Anyone who knows anything about Lakewood knows that that statement is ridiculous. Yet this is exactly what Moshe Gleiberman, vice president of administration at Beth Medrash Govoha, said in an interview defending the states decision to grant Lakewood a $10.6 million grant to build a library:

there is no "religious test" for admission, but it does have rigid education standards.

However, people are starting to ask questions, see this article:

Now the state’s top Assembly Democrat says she is concerned about public dollars going to a college with admission standards she says resemble a "religious test." Assembly Speaker Sheila Oliver (D-Essex) said students who want to go to the college must speak Hebrew, know the sacred texts and agree not to date within the first six months of schooling.

"I will tell you that I am extremely surprised by this," Oliver said. "This is not a secondary institution that is open to the general public."

Oliver sees a distinction between Beth Medrash Govoha — known in Hebrew as a yeshiva — and private Catholic schools like Seton Hall University and St. Peter’s University that she says should qualify for public money.

"Seton Hall is open to anyone — Jewish, Christian and Muslim. They have an open admission process, and any student in New Jersey can attend." Oliver said. "Not every student can attend the yeshiva."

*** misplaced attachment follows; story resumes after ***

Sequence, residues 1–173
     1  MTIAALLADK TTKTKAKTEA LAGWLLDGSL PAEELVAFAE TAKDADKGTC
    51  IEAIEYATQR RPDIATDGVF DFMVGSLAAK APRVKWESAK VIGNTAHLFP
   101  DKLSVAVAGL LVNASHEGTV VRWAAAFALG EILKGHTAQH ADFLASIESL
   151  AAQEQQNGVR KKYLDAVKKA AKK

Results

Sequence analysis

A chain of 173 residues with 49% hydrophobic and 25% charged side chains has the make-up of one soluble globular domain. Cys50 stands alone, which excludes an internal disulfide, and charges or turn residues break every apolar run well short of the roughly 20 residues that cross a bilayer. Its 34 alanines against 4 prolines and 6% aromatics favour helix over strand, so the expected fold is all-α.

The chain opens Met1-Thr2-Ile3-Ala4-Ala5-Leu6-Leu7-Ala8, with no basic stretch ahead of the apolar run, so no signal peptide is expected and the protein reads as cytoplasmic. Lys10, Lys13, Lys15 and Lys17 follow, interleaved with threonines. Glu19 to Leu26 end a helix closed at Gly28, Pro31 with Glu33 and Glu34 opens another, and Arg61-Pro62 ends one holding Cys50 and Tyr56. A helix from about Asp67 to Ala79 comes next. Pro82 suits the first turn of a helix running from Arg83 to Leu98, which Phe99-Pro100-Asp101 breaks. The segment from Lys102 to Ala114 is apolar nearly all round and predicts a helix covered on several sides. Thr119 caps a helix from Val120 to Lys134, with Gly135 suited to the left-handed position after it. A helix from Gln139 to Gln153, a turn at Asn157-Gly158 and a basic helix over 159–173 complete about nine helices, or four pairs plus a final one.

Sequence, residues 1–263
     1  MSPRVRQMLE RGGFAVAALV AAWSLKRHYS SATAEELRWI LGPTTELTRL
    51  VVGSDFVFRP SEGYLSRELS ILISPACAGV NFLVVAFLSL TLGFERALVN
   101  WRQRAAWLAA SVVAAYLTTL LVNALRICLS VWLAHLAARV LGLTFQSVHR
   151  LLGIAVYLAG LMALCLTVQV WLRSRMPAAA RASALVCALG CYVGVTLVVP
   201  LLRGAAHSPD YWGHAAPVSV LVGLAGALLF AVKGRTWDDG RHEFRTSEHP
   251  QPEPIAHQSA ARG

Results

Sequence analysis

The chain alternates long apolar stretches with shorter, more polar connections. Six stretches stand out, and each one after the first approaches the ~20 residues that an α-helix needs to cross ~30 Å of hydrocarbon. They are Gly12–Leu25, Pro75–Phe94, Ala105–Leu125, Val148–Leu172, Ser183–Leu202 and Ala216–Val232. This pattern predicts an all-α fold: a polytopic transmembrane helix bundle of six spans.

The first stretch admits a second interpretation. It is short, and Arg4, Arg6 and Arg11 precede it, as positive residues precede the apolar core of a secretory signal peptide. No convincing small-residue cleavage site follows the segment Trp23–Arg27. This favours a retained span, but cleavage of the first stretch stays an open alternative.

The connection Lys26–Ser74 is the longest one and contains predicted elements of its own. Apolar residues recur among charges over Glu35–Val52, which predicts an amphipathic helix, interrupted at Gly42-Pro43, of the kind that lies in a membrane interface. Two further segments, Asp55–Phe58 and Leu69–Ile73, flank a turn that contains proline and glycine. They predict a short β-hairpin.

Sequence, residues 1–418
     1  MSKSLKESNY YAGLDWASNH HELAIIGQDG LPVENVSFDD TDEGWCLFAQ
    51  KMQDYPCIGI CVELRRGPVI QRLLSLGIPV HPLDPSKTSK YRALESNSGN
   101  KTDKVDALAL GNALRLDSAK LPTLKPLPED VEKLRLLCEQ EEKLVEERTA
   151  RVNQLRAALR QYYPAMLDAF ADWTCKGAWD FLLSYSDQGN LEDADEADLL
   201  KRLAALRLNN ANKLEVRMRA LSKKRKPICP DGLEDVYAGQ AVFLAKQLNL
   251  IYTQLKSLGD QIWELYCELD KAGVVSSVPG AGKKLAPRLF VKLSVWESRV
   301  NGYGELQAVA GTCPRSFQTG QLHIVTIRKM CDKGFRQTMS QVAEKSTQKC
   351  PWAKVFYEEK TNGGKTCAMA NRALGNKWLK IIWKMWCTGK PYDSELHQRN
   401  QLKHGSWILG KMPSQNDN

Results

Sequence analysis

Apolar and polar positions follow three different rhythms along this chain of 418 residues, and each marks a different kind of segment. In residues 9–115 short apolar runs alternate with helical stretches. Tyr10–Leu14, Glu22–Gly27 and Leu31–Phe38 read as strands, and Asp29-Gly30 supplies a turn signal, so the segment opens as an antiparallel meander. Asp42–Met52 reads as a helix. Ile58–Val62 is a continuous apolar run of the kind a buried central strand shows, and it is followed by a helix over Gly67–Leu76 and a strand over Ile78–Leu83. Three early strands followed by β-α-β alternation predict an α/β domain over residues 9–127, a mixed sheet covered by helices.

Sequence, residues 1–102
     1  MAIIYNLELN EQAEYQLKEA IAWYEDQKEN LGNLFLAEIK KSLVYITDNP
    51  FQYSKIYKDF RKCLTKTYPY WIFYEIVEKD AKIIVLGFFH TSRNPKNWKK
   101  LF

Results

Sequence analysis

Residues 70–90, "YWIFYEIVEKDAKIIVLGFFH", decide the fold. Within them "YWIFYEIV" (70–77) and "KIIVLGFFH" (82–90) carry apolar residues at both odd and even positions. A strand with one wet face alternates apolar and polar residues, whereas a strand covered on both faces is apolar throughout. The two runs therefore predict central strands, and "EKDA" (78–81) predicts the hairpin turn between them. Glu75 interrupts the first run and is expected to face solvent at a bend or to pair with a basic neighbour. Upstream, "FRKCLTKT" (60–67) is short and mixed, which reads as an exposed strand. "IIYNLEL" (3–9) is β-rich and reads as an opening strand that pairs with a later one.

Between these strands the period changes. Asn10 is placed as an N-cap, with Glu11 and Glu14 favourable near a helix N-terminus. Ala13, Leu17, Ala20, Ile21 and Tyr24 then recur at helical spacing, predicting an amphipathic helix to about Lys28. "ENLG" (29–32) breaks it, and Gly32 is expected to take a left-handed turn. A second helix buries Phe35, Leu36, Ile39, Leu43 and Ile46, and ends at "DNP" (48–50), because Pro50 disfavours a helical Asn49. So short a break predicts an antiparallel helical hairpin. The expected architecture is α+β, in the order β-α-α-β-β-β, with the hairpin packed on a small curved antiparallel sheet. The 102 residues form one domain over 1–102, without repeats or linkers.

If a qualified non-jew or a woman takes them at their word and applies for admission to make a point what is Lakewood going to do? The Charedi world attacked YU very harshly when it came to various compromises in order to get government money, yet it looks like Lakewood is basically doing the same thing for the same reason, to get government money.

With money tight and the economy bad, I guess anything goes when it comes to money.

Monday, May 06, 2013

Ner Israel repudiates Dov Lipman

Dov Lipman has said many times that he is a product of Ner Israel and that his hashkafos are based on what he learned from the previous Rosh Yeshiva, R' Weinberg.

However, the current Rosh Yeshiva of Ner Israel, R' Aharon Feldman, wrote a strongly worded letter against Dov Lipman saying:

The positions and pronouncements of Dov Lipman do not in any way represent the positions of the Yieshivas Ner Israel or the former Rosh Yeshiva, R' Weinberg